I don’t begin to flatter myself that I know all the answers when it comes to choreographing complex sequences during tech rehearsals. I had the luxury, as did many of my Los Angeles stage management colleagues, of having a supportive TDs, technicians and production managers to back me up when I was in tech while I was “growing up” as a stage manager. Collectively, they taught me how to approach a shift, be prepared with a preliminary plan of attack, and then work it to make it faster and cleaner.
And there were some doozies of techs. The opening sequence of “The Royal Family” at the Ahmanson, was one such tech. The director, Tom Moore, was in the house cracking the whip and calling me out for the time it was taking to get through one of the sequences of cues. I can’t remember specifically whether he was on stage or I was at the time that he called me out for my slowness, but I do remember thinking that anyone in the complex could see me on the closed circuit TVs which sit in all the stage manager and crew offices all over the complex. Anyone can dial up the stage video monitor at the Dorothy Chandler Pavillion, the Taper Stage, or the Ahmanson, and there I was getting it from Tom in every crew office throughout the complex. Humiliating, yes; instructive, absolutely.
That’s why I was always grateful for the presence of the Taper and Ahmanson Production Supervisor, Frank Bayer. He was a master at choreographing shifts. This may have come from his early days as an actor with the APLA Phoenix Repertory Company. Working with Ellis Rabb, he might have developed a heightened sense of style and appreciation for the elegance of a well-crafted scene shifts. Or it might have been from his years of experience as a stage manager. At any rate, he brought it backstage to every tech, humbly and with his wry sense of humor, advising on the deck with the Taper and Ahmanson crews and ASMs to ensure that there was purpose and flow and economy to complex theatrical shifts.
Honestly, I kind of hated how his way was always better than what I had come up with – he just had an amazing grace in making things that were ungraceful better. And he always let you know that we were in it together. He never took credit for the flow; he just made it happen. Seemingly effortlessly. Ultimately, when he moved to New York, I grew to really appreciate what he had brought to the turntable.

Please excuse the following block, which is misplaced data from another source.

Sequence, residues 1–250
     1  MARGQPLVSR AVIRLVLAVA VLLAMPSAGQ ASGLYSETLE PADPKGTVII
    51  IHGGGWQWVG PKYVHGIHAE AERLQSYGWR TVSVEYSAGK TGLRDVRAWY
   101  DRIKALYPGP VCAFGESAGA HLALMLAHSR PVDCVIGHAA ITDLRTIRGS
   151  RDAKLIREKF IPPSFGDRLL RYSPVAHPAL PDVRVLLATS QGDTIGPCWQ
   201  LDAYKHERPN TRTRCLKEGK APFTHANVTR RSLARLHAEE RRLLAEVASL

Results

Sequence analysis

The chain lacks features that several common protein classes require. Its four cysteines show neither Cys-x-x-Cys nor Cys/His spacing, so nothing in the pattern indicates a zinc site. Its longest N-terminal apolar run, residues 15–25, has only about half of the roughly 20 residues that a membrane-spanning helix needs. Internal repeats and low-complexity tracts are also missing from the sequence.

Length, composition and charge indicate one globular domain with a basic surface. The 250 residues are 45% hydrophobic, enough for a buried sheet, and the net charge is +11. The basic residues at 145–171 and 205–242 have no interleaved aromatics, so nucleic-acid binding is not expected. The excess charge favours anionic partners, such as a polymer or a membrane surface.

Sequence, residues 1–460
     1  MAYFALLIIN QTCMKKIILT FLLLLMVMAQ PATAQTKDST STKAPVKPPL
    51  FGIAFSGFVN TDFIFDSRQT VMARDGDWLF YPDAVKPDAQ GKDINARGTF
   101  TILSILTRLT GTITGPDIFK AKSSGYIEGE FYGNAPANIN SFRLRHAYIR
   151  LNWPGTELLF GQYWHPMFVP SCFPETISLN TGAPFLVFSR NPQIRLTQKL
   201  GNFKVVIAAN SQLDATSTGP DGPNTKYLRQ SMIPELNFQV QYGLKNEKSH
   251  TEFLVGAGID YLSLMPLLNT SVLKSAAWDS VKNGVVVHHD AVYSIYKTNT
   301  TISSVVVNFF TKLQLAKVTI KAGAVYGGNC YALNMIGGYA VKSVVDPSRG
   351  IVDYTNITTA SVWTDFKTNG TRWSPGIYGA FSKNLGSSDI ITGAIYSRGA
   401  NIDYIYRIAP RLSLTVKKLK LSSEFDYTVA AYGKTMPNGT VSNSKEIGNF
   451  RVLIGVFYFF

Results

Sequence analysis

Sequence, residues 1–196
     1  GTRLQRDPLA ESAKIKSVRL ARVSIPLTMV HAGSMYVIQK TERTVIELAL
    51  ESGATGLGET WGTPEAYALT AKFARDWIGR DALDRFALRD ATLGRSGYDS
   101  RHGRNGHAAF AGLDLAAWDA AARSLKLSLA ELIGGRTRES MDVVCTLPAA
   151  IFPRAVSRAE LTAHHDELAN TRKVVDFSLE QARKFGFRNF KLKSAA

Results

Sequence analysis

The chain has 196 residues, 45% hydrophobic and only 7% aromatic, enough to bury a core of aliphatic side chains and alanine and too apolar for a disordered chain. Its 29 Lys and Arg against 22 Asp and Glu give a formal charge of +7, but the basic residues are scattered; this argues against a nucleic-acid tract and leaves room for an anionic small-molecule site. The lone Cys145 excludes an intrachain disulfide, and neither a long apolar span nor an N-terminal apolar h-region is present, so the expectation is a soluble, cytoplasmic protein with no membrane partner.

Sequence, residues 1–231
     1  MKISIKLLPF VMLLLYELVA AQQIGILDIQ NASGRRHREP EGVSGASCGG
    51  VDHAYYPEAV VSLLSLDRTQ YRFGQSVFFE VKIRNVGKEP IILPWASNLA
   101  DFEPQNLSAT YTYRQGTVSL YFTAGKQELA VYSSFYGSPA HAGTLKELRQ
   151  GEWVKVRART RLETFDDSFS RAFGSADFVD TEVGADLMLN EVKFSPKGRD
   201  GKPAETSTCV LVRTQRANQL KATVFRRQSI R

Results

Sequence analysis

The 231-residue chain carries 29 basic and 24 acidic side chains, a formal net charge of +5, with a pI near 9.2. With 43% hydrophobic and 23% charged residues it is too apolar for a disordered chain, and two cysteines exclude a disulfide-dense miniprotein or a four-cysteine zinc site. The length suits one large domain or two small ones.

So this weekend, when we were teching Pericles at the Bing Theatre, there were two sequences that we were working through. One involved a 12′ round wrestling mat, divided into 2′ wide segments, which folds in accordian style to center and is brought out by two students on the crew for Act II, sc. 2. The crew members were wrestling (ho ho ho) with it and the shift was going longer than the director, Rob Clare, wanted it to go. The stage manager, Summer, Rob, Hazel, the set designer and I approached the stage to gaze at the purple and black mat and will it into submission.
“WWFBD?” I asked myself, and suddenly knew the solution to the mat problem. Fold in from the sides to center, then have both crew members go to one side and pick up one half to waist height, knee the center and fold it on top of itself. Hardly elegant, but a different way to think about approaching it. Thanks, Frank!
Shift two – in order to suggest the ship scenes, Rob had requested four spans of rope which clips with caribiners to the upstage walls and then to the DS side of the top platform of the set. The sailors emerge through the upper level doors of the stage and clip the caribiners to clips, then drop the ropes for the sailors on deck, who run them down to the DS clips.
That shift is beautiful and needed no intervention. But the removal of the ropes, when we reversed the action, caused the heavy knots to bounce their way up the walls with a loud clunking sound as they were pulled into the doorways.
“WWFBD?” Unclip the caribiners at the top and hand that end of the rope down to the sailors on deck, who had unclipped their positions and walked back upstage to receive the hook. The crew carried the ropes offstage left and right, quietly and quickly.